Socialized Dentistry

By T. P. H.

            One of the oddities of life is to find that many men look on ethics, altruism and morals as something distinct and separate from natural laws, or laws of nature, such as light, heat, and gravity, etc. If careful thought and study be given we will soon learn that we are not punished for our sins but by them, sin in every case being an act contrary to natural laws. The entire universe from the tiniest atom to the largest celestial constellation of stars and planets are all subservient to, and all work with natural laws. Is it egotism in man that makes him think that he alone is independent of these laws?

Altruism is one of the Nature’s laws for man’s growth. As we reach out in working for and helping others, our consciousness expands and grows –as with the individual so with a group or a collection of individuals.

As Balzac well wrote: “The concentration of the moral forces no matter under what system it may be affected increases the compass of them tenfold.”

Just as soon as our profession becomes truly united and ready to accept its responsibilities as a part of the social structure, it will realize and understand its obligations. Real progress will then take place in accordance with natural laws.

Dental health is an important and truly vital part of general health. General health is an essential foundation for human progress. Physical perfection for itself is not the true objective. A more perfect instrument, however, permits the user better opportunities for a more perfect expression of himself. Much of the retardation and backwardness of school children can be laid to some physical defects. In many cases these physical defects were dental. Retardation and naughtiness, with their resultant punishments or humiliations show their results in adult life.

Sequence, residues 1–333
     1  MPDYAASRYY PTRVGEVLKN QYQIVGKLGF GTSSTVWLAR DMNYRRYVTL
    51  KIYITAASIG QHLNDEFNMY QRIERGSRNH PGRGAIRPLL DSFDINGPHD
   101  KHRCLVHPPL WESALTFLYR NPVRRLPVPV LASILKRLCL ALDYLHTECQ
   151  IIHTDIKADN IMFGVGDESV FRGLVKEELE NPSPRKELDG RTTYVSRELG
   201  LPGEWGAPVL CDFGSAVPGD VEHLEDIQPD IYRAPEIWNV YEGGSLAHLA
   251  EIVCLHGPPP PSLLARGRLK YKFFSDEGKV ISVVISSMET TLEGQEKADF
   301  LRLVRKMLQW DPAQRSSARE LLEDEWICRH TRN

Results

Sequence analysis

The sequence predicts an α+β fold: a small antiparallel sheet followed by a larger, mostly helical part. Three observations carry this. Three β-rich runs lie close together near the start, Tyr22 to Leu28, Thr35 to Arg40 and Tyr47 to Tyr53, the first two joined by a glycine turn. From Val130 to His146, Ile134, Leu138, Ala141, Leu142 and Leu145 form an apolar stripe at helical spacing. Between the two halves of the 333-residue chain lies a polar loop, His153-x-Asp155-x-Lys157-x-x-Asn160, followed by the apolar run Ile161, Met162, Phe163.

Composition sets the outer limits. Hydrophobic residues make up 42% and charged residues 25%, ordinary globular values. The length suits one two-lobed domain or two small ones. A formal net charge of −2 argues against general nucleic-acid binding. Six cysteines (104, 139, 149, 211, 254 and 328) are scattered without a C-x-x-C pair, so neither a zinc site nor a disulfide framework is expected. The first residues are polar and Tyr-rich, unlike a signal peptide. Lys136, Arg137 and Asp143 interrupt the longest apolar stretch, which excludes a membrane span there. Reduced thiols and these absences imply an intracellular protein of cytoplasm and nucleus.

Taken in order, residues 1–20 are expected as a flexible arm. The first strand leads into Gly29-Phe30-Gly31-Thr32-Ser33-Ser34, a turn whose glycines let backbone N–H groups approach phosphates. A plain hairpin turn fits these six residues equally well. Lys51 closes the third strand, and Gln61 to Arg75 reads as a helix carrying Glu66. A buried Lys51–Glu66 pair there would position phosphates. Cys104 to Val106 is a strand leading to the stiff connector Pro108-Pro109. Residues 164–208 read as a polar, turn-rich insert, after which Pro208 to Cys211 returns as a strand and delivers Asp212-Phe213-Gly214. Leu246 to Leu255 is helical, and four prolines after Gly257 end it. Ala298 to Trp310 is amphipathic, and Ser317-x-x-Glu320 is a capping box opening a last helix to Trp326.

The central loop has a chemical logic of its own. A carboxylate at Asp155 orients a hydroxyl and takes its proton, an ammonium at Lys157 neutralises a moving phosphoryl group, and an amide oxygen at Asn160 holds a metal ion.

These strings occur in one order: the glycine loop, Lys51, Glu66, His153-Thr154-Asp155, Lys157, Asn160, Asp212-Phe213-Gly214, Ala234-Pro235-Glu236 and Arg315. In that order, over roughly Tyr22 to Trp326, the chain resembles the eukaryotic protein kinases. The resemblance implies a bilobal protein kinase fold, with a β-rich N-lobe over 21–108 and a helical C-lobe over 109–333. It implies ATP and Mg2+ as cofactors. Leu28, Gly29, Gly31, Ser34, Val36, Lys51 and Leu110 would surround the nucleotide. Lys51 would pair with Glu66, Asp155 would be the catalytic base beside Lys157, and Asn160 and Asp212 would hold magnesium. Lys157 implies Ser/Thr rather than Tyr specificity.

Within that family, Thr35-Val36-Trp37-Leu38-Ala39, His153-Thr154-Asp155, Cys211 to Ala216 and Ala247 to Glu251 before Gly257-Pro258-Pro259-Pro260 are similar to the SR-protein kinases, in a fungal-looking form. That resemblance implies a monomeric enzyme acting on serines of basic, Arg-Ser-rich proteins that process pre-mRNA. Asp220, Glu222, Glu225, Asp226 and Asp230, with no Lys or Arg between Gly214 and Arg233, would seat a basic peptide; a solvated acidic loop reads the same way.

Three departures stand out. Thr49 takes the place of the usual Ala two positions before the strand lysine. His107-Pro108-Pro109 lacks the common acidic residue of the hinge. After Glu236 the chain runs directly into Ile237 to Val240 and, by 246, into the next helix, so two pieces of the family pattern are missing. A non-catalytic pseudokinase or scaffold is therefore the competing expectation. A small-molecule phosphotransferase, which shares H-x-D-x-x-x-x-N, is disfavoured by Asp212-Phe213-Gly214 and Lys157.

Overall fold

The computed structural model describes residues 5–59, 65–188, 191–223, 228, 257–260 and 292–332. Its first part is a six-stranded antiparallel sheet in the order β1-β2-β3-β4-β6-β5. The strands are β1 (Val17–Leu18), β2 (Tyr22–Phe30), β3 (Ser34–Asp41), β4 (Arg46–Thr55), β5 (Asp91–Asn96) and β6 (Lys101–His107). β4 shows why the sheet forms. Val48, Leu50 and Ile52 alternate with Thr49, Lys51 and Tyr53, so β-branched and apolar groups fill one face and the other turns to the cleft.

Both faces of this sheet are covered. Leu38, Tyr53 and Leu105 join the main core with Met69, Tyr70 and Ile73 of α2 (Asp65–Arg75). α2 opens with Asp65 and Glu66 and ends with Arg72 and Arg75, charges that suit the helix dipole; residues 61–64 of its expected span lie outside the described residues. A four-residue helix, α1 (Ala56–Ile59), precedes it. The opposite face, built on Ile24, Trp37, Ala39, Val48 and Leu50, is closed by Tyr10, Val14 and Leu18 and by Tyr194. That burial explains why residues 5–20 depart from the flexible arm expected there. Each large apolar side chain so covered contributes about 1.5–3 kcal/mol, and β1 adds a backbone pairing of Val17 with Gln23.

Here is where the moral responsibilities of our profession as an integral part of the Social Unit comes in.

We have a moral as well as a professional responsibility to our fellow men.

Have we not thought too much about our professional standing –our ethics – and too little about our social responsibilities?

Have we not devoted too much time in condemnations; in building up elaborate codes of ethics whereby we can fight and persecute the unbelievers. Destructive forces are so spectacular that many like to use them for they give wonderful opportunities for individuals to stand before the footlights.

Constructive forces call for unity and the willingness of individuals to cooperate with others.

Dentistry as a profession, and dentists as individuals, have a grand and splendid opportunity AT THIS HOUR to unite and prepare a program whereby preventive procedures can be made practically possible to be applied throughout the entire country.

We must be practical –therefore, such a program must be limited. To be practical this work must be limited to children. Why?

One illustration, one fact, should be sufficient. At this moment the number of carious cavities needing attention is so large, that should we allow only one half hour for the filling of one carious cavity it will take over 70,000 dentists working six to seven hours every day almost a year. This does not allow any time for any other dental work of any kind whatsoever. Carious cavities needing more than a half our will extend the time beyond a year. And meanwhile how many new carious cavities have developed?

Another fact can be offered in the form of a question.

What practical preventive procedures can be offered to adults who have already lost several teeth and have several carious cavities –with their systemic results?

Statistics are being collected which show the increase of probability of caries when one first permanent molar is lost. Already figures have been secured to show when no first permanent molar is lost there is less caries.

It is an established fact that we have evolved preventive procedures which are practiced and which have enabled children to retain all of their first permanent molars. These present limited methods hold wonderful possibilities for expansions, as research work is continued.

No greater or grander work could be done by the American Dental Association and the American College of Dentistry than to prepare such a program and see to it that it is established in every state, city, town and village and controlled by our profession.

It is up to us to get there first. Otherwise our profession will be told what to do, and we shall jolly well deserve if it we are so slow or so blind as not to see or realize our present opportunity.

 

Wee Haven,

Davenport Ridge,

Stamford, Conn.